A Year After Ferguson, Obama Tells NPR He Feels 'Great Urgency' : The Two-Way In an interview with Morning Edition host Steve Inskeep, the president rejects the suggestion that political considerations put race relations on the back burner in his first term.

A Year After Ferguson, Obama Tells NPR He Feels 'Great Urgency'

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One year ago today, a white police officer shot and killed an unarmed black teenager named Michael Brown. In the weeks that followed, the world came to know the town of Ferguson, Mo. That killing gave rise to a protest movement that spread far beyond Ferguson. One of the organizers of that movement is Rasheen Aldridge. He's director of Young Activists United in Ferguson. We spoke with him last fall when all of this was happening, and we called him up again to ask what has changed in the past year.

RASHEEN ALDRIDGE: I think what's been the most beautiful thing is the young people that have stepped up. We call it the Black Lives Matter movement, this new group of folks who are organizing and now not being quiet or not just going with the status quo when something's not right.

MARTIN: Aldridge is 21 years old and is the youngest member of the Ferguson Commission. This is a panel appointed by Missouri's governor to look into the unrest that followed Michael Brown's death and the conditions it brought to light. Next month, that commission is due to release a report with recommendations for social change. We asked Rasheen Aldridge to give us a preview.

ALDRIDGE: Honestly, the recommendations that will be coming out are the recommendations from the community. The commissioners are just figureheads. In these meetings, it's the community that's voicing their concerns. So I think the final report on September 15 - I think it's going to be something that the community definitely will enjoy and hopefully act upon.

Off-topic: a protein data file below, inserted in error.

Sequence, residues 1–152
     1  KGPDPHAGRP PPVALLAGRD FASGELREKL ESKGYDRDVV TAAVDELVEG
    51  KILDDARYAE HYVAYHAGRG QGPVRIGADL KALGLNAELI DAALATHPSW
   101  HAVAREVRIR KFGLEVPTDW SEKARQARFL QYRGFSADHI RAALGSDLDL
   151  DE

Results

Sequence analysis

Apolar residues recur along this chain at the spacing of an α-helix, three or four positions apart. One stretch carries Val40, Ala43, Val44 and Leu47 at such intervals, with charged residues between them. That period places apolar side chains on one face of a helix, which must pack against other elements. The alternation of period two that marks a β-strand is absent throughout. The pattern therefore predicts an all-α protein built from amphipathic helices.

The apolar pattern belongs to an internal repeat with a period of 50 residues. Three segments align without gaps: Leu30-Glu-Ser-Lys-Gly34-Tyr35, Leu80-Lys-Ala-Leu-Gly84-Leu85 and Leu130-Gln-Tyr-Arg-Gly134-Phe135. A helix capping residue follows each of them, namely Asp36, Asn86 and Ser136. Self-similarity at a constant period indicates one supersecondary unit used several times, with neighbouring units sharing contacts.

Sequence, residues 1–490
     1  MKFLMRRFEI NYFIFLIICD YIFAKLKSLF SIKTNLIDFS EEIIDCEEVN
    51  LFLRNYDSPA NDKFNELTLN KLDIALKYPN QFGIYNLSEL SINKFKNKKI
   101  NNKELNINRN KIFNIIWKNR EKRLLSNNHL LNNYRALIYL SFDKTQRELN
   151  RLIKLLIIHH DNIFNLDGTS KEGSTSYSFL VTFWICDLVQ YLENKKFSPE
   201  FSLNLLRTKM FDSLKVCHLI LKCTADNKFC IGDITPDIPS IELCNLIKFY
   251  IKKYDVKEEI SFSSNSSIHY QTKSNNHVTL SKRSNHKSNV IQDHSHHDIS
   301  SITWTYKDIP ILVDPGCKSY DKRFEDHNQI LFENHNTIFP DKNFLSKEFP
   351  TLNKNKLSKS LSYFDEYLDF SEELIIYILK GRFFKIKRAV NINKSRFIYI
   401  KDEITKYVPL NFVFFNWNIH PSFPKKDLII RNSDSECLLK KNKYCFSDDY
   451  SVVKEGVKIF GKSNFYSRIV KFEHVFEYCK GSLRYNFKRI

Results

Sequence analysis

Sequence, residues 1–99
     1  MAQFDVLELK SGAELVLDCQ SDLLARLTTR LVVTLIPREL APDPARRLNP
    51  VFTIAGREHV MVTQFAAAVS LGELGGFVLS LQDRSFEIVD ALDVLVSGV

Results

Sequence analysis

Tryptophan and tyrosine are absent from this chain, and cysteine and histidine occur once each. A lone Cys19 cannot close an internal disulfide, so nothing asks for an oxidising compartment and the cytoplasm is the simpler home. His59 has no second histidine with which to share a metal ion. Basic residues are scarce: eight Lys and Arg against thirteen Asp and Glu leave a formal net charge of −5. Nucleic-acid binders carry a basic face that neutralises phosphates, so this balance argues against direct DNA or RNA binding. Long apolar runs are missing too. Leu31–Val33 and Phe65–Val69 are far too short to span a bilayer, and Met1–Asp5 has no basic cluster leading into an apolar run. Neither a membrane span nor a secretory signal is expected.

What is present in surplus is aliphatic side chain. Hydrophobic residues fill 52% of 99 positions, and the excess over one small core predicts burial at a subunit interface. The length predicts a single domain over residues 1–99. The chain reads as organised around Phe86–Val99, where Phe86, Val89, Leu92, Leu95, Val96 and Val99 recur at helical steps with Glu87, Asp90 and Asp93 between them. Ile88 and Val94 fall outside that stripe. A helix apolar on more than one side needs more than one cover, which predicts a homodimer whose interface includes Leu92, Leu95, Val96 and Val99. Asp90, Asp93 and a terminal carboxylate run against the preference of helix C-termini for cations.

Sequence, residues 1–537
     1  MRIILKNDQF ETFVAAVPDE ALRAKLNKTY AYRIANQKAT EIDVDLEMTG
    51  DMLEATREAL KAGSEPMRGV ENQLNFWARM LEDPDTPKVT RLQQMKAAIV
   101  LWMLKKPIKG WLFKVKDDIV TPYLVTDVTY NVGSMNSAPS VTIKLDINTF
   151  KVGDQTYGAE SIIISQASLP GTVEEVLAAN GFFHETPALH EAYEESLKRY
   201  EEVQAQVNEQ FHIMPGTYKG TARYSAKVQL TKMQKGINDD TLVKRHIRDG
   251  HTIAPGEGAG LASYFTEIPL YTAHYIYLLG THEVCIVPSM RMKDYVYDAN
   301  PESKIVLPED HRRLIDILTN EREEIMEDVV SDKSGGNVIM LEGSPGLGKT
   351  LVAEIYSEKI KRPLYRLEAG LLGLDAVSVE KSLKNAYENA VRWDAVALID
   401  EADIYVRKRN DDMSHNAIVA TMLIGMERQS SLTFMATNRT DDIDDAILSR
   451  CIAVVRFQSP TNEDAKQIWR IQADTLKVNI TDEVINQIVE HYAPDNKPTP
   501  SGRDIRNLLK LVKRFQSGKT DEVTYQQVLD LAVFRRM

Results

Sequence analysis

MARTIN: I imagine you've sat in on many meetings over the course of the past year. Are there a couple of issues that keep coming up?

ALDRIDGE: Our top - our very top, I think, two recommendations are around municipal courts and policing, and it's an issue that - it's dear to a lot of people - it's dear to a lot of people's hearts right now. But it is a lot of other powerful recommendations around economic mobility and childhood well-being.

MARTIN: You did reference the municipal courts. The state of Missouri passed a law that essentially caps the amount of money that cities can collect from tickets that they issue to individuals. Has that made a difference? Do you think that will make a difference?

ALDRIDGE: I think it's a start. One of the recommendations I know that the commission is offering is to kind of consolidate and get rid of some of these municipal courts. In St. Louis County, there's about 90-something different municipalities. Some of these municipalities cannot survive if they do not abuse the community, taking so much money out the hands of the working people in that community. And if they're not really needed or if they're just going to continue to abuse them, let's get rid of them. Let's mold them into others. Like, right now, people are still getting ticketed for no reason. People are still, you know, driving down Lucas and Hunt and being pulled over for no reason and getting these unnecessary tickets - not one, but many. But if we look now and look how we can start to consolidate these, it's not doing only justice to the community; it is doing justice to these municipalities. Then we can have real relationship-building and not just pulling them over because they have to write a ticket, because they have to get quota - because if they don't get quota, then they get in trouble.